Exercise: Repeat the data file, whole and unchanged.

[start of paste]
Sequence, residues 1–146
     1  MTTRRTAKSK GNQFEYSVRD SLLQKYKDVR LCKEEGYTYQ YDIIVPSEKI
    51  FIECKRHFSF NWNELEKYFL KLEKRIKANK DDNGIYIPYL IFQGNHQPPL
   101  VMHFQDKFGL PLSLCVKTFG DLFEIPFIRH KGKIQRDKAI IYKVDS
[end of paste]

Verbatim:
Sequence, residues 1–146
     1  MTTRRTAKSK GNQFEYSVRD SLLQKYKDVR LCKEEGYTYQ YDIIVPSEKI
    51  FIECKRHFSF NWNELEKYFL KLEKRIKANK DDNGIYIPYL IFQGNHQPPL
   101  VMHFQDKFGL PLSLCVKTFG DLFEIPFIRH KGKIQRDKAI IYKVDS